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4 Rhodiola Rosea Side Effects to Watch Out For (Explained)

Tyler Sellers
Published by Tyler Sellers
Fact checked by Donald Christman, BHSc FACT CHECKED
Last updated: December 30, 2022
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Rhodiola Rosea is a high-altitude plant that is commonly used in dietary supplements and nootropics for improved mood and mental stamina.

But a nutritionist recently highlighted a few side effects associated with the bioactive compound in Rhodiola Crenulata and Rhodiola Algida.

So we decided to research the available scientific literature and studies to see what you might need to look out for.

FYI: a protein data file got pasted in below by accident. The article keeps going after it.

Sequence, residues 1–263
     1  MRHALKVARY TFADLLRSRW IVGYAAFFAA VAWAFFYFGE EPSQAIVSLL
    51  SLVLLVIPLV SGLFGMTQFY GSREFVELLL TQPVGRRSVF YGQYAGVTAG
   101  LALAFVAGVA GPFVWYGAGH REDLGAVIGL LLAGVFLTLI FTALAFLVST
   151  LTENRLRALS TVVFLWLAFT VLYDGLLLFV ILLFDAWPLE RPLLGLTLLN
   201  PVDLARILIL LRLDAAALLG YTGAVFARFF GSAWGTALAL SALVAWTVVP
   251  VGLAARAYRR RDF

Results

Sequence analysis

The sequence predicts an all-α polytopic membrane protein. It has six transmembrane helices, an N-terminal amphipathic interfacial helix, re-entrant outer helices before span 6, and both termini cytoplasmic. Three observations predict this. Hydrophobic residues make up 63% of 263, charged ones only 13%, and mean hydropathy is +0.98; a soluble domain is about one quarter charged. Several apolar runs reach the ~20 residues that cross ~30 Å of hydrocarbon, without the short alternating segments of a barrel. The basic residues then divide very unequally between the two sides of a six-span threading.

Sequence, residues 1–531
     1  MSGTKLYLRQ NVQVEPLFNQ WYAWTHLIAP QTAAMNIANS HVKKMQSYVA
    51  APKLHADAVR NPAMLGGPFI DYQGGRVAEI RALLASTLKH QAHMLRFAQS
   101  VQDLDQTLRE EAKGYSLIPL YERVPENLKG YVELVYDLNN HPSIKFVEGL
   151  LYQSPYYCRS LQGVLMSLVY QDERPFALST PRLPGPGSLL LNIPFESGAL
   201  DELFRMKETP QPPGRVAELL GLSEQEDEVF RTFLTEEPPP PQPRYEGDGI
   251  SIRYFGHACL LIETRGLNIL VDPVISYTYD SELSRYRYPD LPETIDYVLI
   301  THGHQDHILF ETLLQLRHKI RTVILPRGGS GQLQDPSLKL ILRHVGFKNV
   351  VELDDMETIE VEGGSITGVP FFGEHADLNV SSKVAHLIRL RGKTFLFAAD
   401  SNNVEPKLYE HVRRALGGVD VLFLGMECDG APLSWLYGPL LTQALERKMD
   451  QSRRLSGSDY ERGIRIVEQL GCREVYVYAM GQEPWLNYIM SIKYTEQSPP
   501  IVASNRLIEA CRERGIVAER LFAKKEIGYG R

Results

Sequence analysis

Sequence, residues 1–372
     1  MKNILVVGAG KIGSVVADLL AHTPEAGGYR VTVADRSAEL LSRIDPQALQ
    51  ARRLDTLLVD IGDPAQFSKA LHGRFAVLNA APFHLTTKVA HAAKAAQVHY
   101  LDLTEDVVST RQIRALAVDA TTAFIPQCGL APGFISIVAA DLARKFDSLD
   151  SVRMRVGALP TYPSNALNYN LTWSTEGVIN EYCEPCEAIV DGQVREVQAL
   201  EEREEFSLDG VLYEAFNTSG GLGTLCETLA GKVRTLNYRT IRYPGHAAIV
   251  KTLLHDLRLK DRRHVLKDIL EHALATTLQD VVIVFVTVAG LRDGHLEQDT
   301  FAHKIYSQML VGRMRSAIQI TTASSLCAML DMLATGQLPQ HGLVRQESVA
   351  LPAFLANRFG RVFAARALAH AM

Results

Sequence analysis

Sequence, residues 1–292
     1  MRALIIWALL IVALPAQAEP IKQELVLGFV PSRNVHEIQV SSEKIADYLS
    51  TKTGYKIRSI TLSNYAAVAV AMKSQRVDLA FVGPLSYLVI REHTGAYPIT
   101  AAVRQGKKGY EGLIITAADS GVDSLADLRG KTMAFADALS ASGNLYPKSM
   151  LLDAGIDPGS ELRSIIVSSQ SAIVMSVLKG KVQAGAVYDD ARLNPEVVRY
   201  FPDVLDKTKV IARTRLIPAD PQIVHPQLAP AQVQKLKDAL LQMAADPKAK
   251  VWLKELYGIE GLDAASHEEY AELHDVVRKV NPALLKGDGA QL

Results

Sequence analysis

It turns out that while it’s generally safe to take, there are some adverse interactions with certain medications to be aware of.

Here’s what we found.

Quick Summary

  • Rhodiola Rosea is a plant that grows in cold conditions at a high altitude in Europe and Asia, where it has long been used in traditional medicine, usually with mild recorded side effects.
  • It’s an increasingly common ingredient in nootropics, as it can help manage stress-related fatigue, anxiety, and depression.
  • Rhodiola supplements can have some adverse effects, especially for people on medication for mental health conditions.

Does Rhodiola Rosea Extract Have Side Effects? 

A woman having a severe headache, and side effects

Rhodiola Rosea extracts can produce some side effects like drowsiness, headaches, stomach upset, and even low blood pressure.

But it’s important to note that these effects mostly happen due to medical drug interactions.

It’s also important to know that this plant extract is also sometimes listed as golden root, rose root, or arctic root.